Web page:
New disaster relief payments for locked down workers

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New disaster relief payments announced for locked down workers, and Telstra to fork out $25 million for slow internet speeds.

Here are five things you might've missed this week.

Federal disaster relief payments

coronavirus disaster relief payments

Prime Minister Scott Morrison has announced new disaster relief payment for workers in New South Wales, with the possibility of extending it to other states should they go into similar lockdowns.

Those who would have worked more than 20 hours in the week of a lockdown can receive $500, while those would have worked fewer than 20 hours can receive $325.

"This [lockdown] is now going into a third week and with further decisions to be taken, the Commonwealth recognises that and the liquid access test will not apply to access to those payments," says Morrison.

"It doesn't matter what funds you've got available to you, you can access those payments."

Residents living in the first Sydney areas to go into lockdown can access the payments from July 8.

Eligible residents in the broader Sydney metropolitan area will be able to access the payments from July 11.

To apply, you'll need a MyGov account linked to a Centrelink online account. More information can be found on the Services Australia website here.

Telstra leaves customers in the dark

Telstra will refund $25 million to customers for failing to give almost 50,000 customers a heads up about slower NBN speeds.

The Australian Communications and Media Authority (ACMA) found that Telstra was in breach of its obligations to notify customers when speeds are slower than what is advertised under their plan. Notifying customers entitles customers to move to a lower speed plan or exit the contract at no cost.

The telco is currently providing remedies to the impacted customers, which include refunds.

"The ACMA is very concerned with this conduct as these customers have been paying for a level of service they were not receiving," ACMA chair Nerida O'Loughlin said in a statement.

"Telstra denied these customers the opportunity to downgrade their plan or exit their contract."

Telstra faces penalties of up to $10 million if it fails to comply with the ACMA Remedial Direction, which in addition to restitution involves changes to its reporting systems.

"We will take a very close look at the results of the independent audit to make sure we are satisfied that the action Telstra has taken will adequately address the flaws that led to the problems," says O'Loughlin.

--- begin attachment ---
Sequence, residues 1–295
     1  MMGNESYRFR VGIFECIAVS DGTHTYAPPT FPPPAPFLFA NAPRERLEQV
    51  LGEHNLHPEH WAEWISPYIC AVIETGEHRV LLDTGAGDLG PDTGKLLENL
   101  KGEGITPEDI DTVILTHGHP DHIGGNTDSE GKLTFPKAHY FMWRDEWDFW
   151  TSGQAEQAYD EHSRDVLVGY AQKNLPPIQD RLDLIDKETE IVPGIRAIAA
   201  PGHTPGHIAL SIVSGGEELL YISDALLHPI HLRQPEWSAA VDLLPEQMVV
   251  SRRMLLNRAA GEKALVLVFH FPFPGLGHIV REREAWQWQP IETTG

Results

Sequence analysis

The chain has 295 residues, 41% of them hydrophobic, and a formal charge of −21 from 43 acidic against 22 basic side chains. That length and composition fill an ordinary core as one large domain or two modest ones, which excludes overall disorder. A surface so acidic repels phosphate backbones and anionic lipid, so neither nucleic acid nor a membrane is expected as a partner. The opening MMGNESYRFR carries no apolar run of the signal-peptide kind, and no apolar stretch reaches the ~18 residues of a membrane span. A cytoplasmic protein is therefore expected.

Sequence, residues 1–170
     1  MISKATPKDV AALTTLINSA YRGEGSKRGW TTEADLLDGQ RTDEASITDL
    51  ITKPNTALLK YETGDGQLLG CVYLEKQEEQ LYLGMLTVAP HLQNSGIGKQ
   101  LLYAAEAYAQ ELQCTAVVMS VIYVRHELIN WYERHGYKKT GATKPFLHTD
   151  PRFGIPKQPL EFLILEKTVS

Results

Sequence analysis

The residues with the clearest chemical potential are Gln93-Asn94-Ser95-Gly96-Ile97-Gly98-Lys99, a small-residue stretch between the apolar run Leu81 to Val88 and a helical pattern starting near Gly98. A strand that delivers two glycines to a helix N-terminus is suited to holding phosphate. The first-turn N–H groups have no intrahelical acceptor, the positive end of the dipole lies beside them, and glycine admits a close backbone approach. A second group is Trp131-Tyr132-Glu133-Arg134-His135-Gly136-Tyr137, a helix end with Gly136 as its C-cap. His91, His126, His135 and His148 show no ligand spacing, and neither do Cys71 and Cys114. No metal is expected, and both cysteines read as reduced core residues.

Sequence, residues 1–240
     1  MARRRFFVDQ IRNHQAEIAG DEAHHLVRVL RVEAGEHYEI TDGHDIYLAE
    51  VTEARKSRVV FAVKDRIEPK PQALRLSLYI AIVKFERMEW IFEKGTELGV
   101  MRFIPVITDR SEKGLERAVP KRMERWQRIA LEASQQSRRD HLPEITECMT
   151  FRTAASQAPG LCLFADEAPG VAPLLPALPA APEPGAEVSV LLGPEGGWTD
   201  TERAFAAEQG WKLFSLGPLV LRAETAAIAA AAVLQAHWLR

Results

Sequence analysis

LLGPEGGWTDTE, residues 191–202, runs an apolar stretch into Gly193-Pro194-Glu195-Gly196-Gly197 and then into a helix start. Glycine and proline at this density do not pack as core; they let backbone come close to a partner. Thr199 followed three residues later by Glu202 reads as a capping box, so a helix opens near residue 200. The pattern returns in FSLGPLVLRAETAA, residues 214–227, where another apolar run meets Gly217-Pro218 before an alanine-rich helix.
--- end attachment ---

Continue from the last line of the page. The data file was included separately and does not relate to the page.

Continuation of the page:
Aussies' life insurance lies

Finder estimates that 3.8 million Aussies are fibbing on their life insurance applications.

The survey of 1000 respondents found that 20% lie on their life insurance applications in order to get a cheaper policy. Extrapolate that out to the whole population, and you get 3.8 million.

Men are far more likely than women to lie on the application, at 29% and 11% respectively, while mental health (9%) and smoking (9%) were found to be the biggest reasons for lying.

James Martin, insurance editor at Finder, warns lying on insurance applications is fraught with danger.

"Insurance premiums are based on the risk you represent," he explains.

"If you've previously lied about your circumstances when filling out your insurance application, your insurer could well void your claim."

Westpac cops $87 remediation bill for bungled advice

The failure of Westpac's former advisers to pass on corporate actions to clients will see the bank pay out $87 million in remediation.

Corporate actions include events such as dividends, entitlement offers, reorganisations of capital and capital returns.

The remediation affects 32,000 customer accounts, according to the Australian Securities and Investment Commission (ASIC). It's believed as many as 328,000 potential corporate action notifications were not passed on to clients between 2005 and 2019.

Affected Westpac subsidiaries include Securitor Financial Group, Magnitude Group and Westpac Banking Corporation (known as BT Financial Advice).

Westpac had first notified ASIC of the errors in July 2019.

"Compensating customers affected by misconduct is a very important part of licensees' obligations to act fairly, honestly and efficiently. We are pleased to see that Westpac has taken action to remediate affected customers regardless of how much time has passed," says ASIC commissioner Danielle Press.

"We encourage affected customers to engage with the communications from Westpac to understand how they were impacted and to seek further information from Westpac if required."

ASIC is urging customers who are not satisfied with their outcome to reach out to the Australian Financial Complaints Authority.

UniSuper open to all Australians

The country's fifth-largest fund, UniSuper, is now officially open to members outside the higher education and research sector. This coincides with the fund surpassing $100 billion in funds under management.

"Hitting $100 billion in FUM [funds under management], including over $12 billion in our sustainable options, as we open our doors to all Australians, marks a significant milestone for UniSuper," says UniSuper CEO Kevin O'Sullivan.

"The continued growth and popularity of our three sustainable investment strategies along with the exceptional investment returns of almost 50% from our unique Global Environmental Opportunities option have contributed to the fund hitting this key milestone."

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David Thornton is a journalist at Money magazine and is one of the hosts of the Friends With Money podcast. He previously worked at Your Money, covering market news as producer of Trading Day Live. Before that, he covered business and finance news at The Constant Investor. David holds a Masters of International Relations from the University of Melbourne.